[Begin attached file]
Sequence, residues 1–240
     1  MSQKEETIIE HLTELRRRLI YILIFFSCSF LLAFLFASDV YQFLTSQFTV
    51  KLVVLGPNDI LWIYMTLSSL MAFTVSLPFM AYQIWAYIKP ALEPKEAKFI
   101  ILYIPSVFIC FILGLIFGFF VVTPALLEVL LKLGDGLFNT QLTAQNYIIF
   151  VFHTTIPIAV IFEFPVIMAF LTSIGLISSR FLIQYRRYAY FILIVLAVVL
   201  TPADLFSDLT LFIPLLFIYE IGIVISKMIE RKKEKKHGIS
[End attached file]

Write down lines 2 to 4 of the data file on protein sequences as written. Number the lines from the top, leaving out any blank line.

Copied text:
     1  MSQKEETIIE HLTELRRRLI YILIFFSCSF LLAFLFASDV YQFLTSQFTV
    51  KLVVLGPNDI LWIYMTLSSL MAFTVSLPFM AYQIWAYIKP ALEPKEAKFI
   101  ILYIPSVFIC FILGLIFGFF VVTPALLEVL LKLGDGLFNT QLTAQNYIIF